Sharing a little more Online with Status Updates
...because pulling a 'Justin.tv' is out of the question.
Ah, the joys of the internet. With so many options available for people to share their lives online, one must consider exercising a certain amount caution. To be able to pick, choose, and control the amount of information that a person wants to broadcast is definitely important, especially for people who prefer to keep the details of their life to a minimum (or not). As one of my uncles put it when referring to dealing with the loss of my brother, "A Public face, and a Private face." With all these outlets available, the issue is no longer about the method in which we share our lives, but rather the amount of information we choose to put out there.
When considering the exciting events at San Diego Comic-Con fast approaching, I thought I'd offer readers a way to keep track of what I've been up to, which didn't require the labor of posting a lengthy blog summarizing the days events, or the strapping of a camera to my head 24/7, like a justin.tv 'lifecaster'. Without adding more people to my facebook,(which mind you I'm trying to keep down to a healthy number -- under 100), or myspace, Twitter seems like the ideal standalone Status Update tool for those interested in living vicariously through other people,. I had been thinking about getting Twitter for a while now, so I'm pretty late with joining the Twitter trend, but being that it doesn't require the time, attention, or energy of maintaining a whole new blog, I'm cool with just doing short, brief updates to "stay connected".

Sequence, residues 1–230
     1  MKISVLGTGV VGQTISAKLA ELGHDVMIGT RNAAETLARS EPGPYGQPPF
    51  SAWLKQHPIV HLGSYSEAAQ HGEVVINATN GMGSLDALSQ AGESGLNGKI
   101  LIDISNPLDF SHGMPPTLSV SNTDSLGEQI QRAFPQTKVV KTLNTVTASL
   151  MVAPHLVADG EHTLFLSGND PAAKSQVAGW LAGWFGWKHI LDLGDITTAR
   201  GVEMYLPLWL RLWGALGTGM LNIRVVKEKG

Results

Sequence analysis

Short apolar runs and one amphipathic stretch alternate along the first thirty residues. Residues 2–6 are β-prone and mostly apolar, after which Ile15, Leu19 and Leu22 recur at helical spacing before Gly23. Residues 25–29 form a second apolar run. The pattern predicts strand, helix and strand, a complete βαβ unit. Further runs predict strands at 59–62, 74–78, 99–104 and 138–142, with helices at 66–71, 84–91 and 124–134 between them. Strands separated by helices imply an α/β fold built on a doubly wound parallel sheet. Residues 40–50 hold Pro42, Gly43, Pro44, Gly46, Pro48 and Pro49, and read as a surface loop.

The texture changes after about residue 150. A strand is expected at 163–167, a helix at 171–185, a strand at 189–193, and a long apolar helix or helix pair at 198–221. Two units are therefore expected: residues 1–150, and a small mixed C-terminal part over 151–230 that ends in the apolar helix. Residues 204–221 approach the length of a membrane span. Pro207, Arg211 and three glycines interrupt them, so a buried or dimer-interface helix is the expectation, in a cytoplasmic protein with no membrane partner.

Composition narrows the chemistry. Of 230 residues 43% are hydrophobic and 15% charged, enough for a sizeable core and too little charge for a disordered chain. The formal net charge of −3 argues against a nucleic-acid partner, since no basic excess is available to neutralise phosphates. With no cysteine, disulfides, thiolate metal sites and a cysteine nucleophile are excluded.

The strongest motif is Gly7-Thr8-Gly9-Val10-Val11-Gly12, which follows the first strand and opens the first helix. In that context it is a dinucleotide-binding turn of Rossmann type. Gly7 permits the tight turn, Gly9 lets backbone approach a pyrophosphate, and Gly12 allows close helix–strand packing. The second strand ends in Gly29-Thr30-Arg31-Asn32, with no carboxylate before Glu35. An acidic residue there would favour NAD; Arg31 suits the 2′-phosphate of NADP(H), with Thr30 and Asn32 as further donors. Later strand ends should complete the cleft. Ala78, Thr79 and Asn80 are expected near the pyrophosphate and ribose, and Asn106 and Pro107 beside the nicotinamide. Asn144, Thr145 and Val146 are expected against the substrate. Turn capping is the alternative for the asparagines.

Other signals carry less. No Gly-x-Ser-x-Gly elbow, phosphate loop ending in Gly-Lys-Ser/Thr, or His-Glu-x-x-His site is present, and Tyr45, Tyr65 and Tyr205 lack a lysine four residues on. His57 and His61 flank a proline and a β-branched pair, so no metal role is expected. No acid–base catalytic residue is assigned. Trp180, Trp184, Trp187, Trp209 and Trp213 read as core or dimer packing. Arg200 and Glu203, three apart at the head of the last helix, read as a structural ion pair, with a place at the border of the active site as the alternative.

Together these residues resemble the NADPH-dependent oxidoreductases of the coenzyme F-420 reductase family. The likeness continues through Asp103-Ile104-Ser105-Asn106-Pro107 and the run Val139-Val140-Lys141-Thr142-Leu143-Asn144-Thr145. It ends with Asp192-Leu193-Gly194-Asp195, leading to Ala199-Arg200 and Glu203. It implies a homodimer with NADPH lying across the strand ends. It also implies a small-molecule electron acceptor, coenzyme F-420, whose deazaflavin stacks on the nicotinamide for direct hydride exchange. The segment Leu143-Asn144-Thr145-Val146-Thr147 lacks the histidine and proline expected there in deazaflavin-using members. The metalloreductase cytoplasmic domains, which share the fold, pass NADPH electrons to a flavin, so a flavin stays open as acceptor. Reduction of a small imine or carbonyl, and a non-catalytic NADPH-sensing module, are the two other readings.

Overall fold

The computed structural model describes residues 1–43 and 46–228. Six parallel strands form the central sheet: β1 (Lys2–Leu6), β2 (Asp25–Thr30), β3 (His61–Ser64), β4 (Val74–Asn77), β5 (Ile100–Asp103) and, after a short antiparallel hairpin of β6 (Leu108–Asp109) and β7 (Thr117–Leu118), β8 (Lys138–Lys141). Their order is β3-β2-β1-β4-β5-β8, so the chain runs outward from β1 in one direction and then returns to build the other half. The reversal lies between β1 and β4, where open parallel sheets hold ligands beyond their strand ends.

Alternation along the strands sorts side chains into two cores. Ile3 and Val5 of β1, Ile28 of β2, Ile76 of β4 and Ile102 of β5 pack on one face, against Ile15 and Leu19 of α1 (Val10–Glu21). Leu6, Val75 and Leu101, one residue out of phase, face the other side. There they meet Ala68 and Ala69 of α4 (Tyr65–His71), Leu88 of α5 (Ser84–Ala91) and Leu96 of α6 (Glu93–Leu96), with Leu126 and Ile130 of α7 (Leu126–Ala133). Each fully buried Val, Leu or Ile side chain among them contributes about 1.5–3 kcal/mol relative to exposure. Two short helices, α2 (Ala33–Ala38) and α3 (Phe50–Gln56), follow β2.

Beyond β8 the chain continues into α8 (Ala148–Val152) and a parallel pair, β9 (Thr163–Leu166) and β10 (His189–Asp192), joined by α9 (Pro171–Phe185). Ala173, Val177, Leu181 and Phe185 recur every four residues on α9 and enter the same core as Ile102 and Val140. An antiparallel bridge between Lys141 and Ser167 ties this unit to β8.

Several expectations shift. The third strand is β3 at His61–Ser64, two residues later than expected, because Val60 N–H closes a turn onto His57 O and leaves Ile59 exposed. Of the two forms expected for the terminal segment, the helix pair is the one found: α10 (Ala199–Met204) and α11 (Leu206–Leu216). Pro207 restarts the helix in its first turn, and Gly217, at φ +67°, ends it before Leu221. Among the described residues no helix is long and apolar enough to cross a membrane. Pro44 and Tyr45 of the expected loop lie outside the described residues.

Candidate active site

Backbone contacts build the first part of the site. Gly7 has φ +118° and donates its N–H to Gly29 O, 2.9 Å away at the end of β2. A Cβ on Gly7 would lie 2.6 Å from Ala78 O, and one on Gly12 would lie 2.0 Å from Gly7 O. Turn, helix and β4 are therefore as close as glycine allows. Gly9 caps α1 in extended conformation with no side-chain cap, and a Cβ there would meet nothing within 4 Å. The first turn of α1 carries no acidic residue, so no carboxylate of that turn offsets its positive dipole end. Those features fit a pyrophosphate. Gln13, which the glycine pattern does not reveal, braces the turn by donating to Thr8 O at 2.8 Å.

If there wasn't anything exciting going on, I probably would still update. There's something about updating ones status (updating since early MSN) that's not only a good way to communicate with others, but after a while it becomes required. People expect it. Your family, and friends want to know what you're up to, so with status updates, you're telling them. Telling them to watch a certain movie, or to avoid a certain restaurant, product or service, or simply to tell them that you have a stomachache and you're sitting on the toilet. Some updates can even be serious, like for example I updated my status on facebook to "Albert is dealing with the sudden loss of a family member," because I felt it was important at the time to let people know what was going on in my life, without being too specific. How could you not tell people what you're going through after such a tragic event? And yet, some people on my friends list NEGLECTED to read the status change, and continued to send me party invites, and stupid links. I replied to one 'friend' angrily, saying something like "READ MY DAMN STATUS!"
Other times I've updated my status to, "Albert managed to put custom ringtones on his unlocked iPhone. Super Mario theme FTW!," and "Albert thinks changing a reservation with travelocity Canada (based in India) over the phone is a painfully ridiculous experience. The "on hold" music sucks too...," Though really, how much can you learn about a person from these updates if they are taken out of context, and written like headlines in a newspaper, typed with a limited amount of characters? Which for total strangers who don't really know the individual behind the update, could create a false impression of that person.
For Comic-Con, I plan on keeping the Twitters brief, and on topic! In addition to utilizing Twitter with my Comic-Con coverage, I will be posting updates on my blogs, throughout the day, as stuff happens... (though not minute to minute). Stay tuned!
I give you permission to follow me @ twitter.com/albertart